Neutra Home Included in Obama’s Last National Landmark List

Neutra VDL House (Image courtesy of David Hartwell)
Neutra VDL House (Image courtesy of David Hartwell)

POMONA, Calif. (Jan. 11, 2017) – U.S Secretary of the Interior Sally Jewell today announced the designation of two pioneering structures designed by master modernist architect Richard Neutra among the last round of 24 new national historic landmarks named by the Obama Administration.

Jewell added the Neutra VDL Studio and Residences in the Silver Lake district of Los Angeles to the federal government’s official list of 2,532 landmarks of national significance. One of the few residential examples of midcentury modern architecture on the national list, the former Neutra family home and design studio is owned and maintained by Cal Poly Pomona which uses it to educate college students and the public about Southern California’s heritage as a laboratory for modern architecture.

Also added to the national landmarks list is the Painted Desert Community Complex, the visitor center in Petrified Forest National Park in Arizona designed by Neutra and Robert E. Alexander.

Supporters of midcentury modern architecture had lobbied the federal government for years to designate the Neutra house as a national landmark, the highest level of federal recognition of national historic significance. If the Neutra house had not been designated as a national landmark before President Obama left office, it would have been necessary to restart the nomination process with the new Secretary of the Interior in the Trump Administration. The Neutra house designation was championed by Rep. Adam Schiff (D-Burbank), whose district includes the Neutra house, and Senator Diane Feinstein (D-CA) who wrote a letter to Secretary Jewell supporting the Neutra house nomination.

“This decision in the closing days of the Obama Administration is a dramatic gesture underlining the fact that midcentury modern architecture is a vital part of America’s cultural legacy,” said Michael Woo, Dean of Cal Poly Pomona’s College of Environmental Design and a former L.A. city councilman.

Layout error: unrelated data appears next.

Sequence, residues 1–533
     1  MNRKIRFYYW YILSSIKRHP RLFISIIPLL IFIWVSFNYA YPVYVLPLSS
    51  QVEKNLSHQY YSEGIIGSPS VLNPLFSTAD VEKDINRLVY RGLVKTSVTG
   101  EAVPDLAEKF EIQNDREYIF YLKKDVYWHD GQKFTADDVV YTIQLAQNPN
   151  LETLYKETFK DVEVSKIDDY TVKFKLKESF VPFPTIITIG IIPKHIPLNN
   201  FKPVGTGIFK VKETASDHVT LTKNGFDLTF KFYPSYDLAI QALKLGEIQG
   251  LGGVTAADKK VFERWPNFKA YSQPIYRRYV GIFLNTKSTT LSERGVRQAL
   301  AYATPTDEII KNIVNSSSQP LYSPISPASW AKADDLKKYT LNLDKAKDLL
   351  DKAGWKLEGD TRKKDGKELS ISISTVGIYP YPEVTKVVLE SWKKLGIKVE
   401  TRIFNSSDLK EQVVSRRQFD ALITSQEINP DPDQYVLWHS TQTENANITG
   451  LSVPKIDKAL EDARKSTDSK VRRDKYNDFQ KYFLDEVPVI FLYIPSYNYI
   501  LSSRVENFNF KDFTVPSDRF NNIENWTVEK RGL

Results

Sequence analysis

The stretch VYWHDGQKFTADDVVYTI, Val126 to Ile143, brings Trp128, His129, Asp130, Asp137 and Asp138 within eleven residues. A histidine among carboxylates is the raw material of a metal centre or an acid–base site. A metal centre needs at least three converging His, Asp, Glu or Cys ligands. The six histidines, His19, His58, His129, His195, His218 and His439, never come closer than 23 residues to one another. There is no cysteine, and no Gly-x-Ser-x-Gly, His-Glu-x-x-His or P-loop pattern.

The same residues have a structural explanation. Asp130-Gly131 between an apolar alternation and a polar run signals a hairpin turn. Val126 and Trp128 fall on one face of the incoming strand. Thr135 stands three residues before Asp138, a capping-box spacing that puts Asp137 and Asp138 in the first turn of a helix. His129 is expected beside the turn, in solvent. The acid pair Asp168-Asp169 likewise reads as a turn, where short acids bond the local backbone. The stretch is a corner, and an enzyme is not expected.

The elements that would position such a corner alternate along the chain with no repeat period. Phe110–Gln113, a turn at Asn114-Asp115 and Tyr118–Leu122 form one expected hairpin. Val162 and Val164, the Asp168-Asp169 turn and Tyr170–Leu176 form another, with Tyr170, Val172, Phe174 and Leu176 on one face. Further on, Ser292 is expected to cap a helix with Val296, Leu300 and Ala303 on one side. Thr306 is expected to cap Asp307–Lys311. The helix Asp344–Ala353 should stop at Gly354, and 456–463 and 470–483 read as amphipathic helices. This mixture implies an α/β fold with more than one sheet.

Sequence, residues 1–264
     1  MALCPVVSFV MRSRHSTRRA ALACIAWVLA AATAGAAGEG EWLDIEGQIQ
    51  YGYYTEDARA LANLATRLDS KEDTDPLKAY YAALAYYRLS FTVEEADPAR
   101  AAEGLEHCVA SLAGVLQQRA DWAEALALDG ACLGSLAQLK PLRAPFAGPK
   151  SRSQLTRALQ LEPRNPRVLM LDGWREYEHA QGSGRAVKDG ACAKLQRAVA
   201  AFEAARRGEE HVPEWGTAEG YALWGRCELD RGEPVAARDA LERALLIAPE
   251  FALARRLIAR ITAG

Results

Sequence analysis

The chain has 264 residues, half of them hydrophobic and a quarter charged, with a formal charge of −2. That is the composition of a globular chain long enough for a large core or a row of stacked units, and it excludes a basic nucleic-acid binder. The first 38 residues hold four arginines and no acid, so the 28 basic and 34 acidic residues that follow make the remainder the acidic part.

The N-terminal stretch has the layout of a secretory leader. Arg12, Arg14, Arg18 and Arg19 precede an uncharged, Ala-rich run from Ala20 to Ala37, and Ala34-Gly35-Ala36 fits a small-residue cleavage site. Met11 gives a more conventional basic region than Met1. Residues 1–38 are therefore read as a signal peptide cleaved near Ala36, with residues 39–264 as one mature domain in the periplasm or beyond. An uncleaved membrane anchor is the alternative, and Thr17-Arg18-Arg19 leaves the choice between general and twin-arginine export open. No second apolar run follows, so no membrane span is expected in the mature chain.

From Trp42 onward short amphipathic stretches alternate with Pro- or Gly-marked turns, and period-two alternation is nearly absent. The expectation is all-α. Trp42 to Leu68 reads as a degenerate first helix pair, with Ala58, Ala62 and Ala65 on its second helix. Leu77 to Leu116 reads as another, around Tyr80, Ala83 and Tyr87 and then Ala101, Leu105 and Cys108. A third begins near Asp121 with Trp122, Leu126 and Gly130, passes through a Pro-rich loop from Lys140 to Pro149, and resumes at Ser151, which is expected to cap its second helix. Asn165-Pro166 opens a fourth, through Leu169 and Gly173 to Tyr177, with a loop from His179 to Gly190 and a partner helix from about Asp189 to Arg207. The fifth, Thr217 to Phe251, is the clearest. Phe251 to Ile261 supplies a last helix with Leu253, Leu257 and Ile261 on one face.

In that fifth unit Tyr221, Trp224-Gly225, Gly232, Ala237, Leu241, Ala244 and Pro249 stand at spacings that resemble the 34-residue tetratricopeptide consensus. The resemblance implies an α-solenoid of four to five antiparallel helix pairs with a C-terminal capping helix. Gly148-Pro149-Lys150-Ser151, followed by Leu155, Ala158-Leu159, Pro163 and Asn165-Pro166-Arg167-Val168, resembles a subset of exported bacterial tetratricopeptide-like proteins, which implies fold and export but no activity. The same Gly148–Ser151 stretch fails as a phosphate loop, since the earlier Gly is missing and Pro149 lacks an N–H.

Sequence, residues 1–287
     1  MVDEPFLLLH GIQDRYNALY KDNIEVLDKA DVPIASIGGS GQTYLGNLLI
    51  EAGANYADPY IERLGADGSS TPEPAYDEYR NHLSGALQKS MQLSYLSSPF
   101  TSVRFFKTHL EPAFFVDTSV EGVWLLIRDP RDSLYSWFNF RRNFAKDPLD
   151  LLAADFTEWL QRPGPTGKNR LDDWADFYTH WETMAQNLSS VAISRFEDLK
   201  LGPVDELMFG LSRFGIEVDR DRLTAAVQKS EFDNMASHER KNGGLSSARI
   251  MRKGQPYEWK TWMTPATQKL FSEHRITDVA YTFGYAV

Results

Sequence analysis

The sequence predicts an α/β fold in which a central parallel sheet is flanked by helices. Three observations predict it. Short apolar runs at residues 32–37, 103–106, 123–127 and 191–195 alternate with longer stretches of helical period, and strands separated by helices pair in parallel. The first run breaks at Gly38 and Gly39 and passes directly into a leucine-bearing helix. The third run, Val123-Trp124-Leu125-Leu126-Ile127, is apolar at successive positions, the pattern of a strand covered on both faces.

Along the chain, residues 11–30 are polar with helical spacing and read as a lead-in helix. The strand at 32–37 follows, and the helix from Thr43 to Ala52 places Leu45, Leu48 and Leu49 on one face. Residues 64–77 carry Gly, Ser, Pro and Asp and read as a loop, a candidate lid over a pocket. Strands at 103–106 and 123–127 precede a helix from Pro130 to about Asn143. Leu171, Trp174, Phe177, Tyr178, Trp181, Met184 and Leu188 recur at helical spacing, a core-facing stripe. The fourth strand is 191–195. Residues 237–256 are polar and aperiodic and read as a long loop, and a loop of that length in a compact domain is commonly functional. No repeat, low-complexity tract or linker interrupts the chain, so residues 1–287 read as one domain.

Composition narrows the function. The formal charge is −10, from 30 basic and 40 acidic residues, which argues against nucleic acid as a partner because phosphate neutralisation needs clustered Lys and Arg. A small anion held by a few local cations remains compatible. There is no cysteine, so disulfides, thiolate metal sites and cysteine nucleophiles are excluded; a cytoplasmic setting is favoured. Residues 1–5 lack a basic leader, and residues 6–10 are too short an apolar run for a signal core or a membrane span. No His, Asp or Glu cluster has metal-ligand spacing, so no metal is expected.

Raymond Neutra, Richard Neutra’s son who grew up in the house, pointed out that the house attracted a stellar list of guests including the composer Igor Stravinsky, architects Frank Lloyd Wright and Renzo Piano, and artists Fernand Leger, Man Ray, and Isamu Noguchi.  His brother Dion Neutra is a local architect who lives near the VDL house in another Neutra-designed structure and runs the Neutra Institute for Survival through Design.

The national historic landmark designation was based on three criteria:

  • Richard Neutra’s stature as a person of national historic importance for his influence on California Modern architecture;
  • The residence’s centrality to numerous career highlights in Neutra’s design projects and book authorship; and
  • Its demonstration of the ideas of the economic assemblage of industrial components and landscape to serve biological and social needs.

The Neutra VDL Studio and Residences was built in three stages: in 1932 and 1940 with Neutra as designer, and in 1964 redesigned with his son Dion after a fire destroyed the original house. The property could accommodate three households and a small office on a 60x70-foot lot. It was given in 1990 to the Cal Poly Pomona Foundation to be managed by the College of Environmental Design. Donations from several foundations funded more than $300,000 in repairs and improvements implemented under the supervision of Prof. Sarah Lorenzen, VDL Research House director.

“I am incredibly pleased that the Neutra VDL Studio and Residences has been designated a National Historic Landmark,” Lorenzen said. “This will significantly raise the visibility of the house enhancing opportunities to fully restore the house, to further develop cultural and arts programming, and to maintain the house as a resource for Cal Poly Pomona students and the community at large.”

The Neutra VDL Studio and Residences, located at 2300 Silver Lake Blvd., in the Silver Lake district of Los Angeles, is open to the public for tours every Saturday from 11 am to 3 pm.  Learn more at and